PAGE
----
Myocardial contrast echocardiography: a reproducible technique of myocardial opacification for identifying regional perfusion deficits.
The effects and reliability of a simple method of contrast two-dimensional echocardiographic delineation of myocardium after intracoronary injections were evaluated in closed-chest dogs. Multiple injections of an agitated saline-Renografin (meglumine diatrizoate) mixture (3:2 ratio, 2-ml bolus) into the left main coronary artery as well as at different sites of the left anterior descending and circumflex coronary arteries were studied in several short-axis and long-axis cross sections of the left ventricle. These contrast injections opacified specific regions of left ventricular myocardium depending on the site of injection. Contrast injection into the left main coronary artery provided a clear, echo-free outline (negative contrast) of underperfused myocardium distal to the coronary occlusion. Reproducibility studies of the extent of involved zones measured in echocardiographic cross sections indicated high intra- and interobserver correlation coefficients (r = 0.97 and 0.97). The effects of the intracoronary injection of contrast material appeared minor and brief. ECG ST-T changes lasted 49.4 +/- 36.7 seconds, aortic systolic pressure was reduced by 7.6 +/- 4.4% for 18.9 +/- 4.8 seconds, and the peak rate of left ventricular pressure rise decreased by 14.3 +/- 2.6%, but returned to control levels within 19.4 +/- 6.1 seconds. The zone of left ventricular asynergy after coronary occlusions was also delineated by cross-sectional echocardiography and corresponded to the contrast-outlined underperfused zone (negative contrast). This new intracoronary echocardiographic technique has only minor hemodynamic consequences and provides reliable quantitation of underperfused and dysfunctioning zones after experimental coronary occlusions. Further investigation and validation of this method may provide useful characterization of the extent and severity of myocardial ischemia and infarction.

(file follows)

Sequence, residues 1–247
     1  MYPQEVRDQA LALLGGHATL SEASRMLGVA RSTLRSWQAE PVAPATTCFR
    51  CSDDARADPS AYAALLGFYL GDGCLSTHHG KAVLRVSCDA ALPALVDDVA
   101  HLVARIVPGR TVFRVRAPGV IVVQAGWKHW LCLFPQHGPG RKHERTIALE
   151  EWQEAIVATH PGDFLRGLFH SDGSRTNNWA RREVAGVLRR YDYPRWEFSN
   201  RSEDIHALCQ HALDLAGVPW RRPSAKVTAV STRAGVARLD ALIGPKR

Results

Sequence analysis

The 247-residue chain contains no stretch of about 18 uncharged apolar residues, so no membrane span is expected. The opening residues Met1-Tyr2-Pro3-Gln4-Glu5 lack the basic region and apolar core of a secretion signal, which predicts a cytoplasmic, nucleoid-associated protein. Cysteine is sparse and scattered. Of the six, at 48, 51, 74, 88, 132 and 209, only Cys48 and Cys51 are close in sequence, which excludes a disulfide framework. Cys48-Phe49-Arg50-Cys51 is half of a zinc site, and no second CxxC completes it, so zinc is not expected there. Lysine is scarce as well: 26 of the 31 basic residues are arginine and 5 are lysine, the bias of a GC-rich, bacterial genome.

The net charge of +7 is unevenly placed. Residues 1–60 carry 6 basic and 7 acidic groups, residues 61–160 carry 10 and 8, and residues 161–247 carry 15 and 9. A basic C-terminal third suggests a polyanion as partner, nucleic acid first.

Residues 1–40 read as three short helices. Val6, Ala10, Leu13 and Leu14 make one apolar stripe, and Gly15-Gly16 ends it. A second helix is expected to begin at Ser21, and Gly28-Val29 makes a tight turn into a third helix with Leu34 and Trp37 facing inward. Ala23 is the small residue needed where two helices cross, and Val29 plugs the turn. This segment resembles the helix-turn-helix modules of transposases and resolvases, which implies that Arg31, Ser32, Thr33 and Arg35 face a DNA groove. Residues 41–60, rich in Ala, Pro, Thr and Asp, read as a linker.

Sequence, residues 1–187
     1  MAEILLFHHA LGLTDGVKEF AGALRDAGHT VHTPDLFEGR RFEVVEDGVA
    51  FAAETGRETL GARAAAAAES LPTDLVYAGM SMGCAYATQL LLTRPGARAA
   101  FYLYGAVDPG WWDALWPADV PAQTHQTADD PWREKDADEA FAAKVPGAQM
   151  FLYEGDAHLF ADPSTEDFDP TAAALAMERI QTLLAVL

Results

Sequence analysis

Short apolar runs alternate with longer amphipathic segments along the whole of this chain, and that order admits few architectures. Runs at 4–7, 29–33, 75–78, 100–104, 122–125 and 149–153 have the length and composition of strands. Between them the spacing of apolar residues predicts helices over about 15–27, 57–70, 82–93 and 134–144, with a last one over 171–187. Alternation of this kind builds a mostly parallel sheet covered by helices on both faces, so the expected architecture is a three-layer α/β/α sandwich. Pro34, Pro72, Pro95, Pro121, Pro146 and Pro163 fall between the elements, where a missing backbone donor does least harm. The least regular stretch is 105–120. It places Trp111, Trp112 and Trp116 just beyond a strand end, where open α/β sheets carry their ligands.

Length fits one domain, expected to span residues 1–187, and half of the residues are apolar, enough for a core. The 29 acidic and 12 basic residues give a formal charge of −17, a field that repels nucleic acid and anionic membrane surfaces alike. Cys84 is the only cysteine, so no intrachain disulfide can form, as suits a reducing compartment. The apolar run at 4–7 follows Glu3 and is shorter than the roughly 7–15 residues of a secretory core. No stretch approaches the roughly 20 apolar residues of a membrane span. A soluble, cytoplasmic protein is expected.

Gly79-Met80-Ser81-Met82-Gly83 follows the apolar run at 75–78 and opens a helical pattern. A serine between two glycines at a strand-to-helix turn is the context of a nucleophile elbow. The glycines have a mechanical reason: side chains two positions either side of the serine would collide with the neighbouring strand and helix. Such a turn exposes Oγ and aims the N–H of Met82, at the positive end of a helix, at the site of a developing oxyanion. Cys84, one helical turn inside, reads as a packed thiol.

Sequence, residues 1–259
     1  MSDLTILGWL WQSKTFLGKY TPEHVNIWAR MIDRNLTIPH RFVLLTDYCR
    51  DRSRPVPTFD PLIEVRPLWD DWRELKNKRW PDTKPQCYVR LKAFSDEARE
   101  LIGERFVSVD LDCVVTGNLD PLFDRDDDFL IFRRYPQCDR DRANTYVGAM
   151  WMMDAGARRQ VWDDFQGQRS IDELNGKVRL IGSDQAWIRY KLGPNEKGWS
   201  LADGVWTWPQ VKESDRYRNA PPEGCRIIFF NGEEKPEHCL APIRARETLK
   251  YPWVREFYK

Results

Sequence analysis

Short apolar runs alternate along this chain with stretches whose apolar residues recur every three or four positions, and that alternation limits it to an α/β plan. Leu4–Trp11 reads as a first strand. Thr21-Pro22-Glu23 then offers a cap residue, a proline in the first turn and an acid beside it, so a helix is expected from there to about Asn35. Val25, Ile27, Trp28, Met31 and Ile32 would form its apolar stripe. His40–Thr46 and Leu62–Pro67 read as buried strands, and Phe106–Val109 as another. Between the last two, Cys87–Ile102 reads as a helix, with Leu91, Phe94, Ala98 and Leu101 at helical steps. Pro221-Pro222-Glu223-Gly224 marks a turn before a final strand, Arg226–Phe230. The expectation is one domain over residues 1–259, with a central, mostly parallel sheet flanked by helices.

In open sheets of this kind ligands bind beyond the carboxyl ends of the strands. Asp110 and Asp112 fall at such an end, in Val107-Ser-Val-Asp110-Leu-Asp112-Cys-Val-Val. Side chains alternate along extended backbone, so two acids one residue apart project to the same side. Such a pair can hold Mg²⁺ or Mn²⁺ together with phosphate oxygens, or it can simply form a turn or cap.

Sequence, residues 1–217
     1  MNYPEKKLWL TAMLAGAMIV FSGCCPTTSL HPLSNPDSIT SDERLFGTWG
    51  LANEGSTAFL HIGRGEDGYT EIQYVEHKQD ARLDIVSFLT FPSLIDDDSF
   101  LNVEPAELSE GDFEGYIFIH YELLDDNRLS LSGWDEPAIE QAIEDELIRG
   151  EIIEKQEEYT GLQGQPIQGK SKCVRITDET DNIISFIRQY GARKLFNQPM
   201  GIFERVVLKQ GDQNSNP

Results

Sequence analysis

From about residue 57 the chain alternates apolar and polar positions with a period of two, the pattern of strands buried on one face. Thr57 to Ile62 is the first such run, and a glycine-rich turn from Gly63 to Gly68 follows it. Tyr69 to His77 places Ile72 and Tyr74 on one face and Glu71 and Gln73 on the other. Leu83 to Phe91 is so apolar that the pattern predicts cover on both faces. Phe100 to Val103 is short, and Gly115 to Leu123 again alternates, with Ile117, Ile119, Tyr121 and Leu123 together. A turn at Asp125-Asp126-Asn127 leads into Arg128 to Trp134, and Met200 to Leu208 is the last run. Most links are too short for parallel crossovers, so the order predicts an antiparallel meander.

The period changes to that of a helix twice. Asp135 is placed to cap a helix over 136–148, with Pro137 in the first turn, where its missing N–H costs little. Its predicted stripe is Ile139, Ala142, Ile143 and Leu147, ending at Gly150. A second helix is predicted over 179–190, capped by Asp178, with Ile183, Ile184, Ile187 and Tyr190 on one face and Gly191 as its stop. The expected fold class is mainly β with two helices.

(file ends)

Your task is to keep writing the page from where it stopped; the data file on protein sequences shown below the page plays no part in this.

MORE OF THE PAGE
- Copyright © 1983 by American Heart Association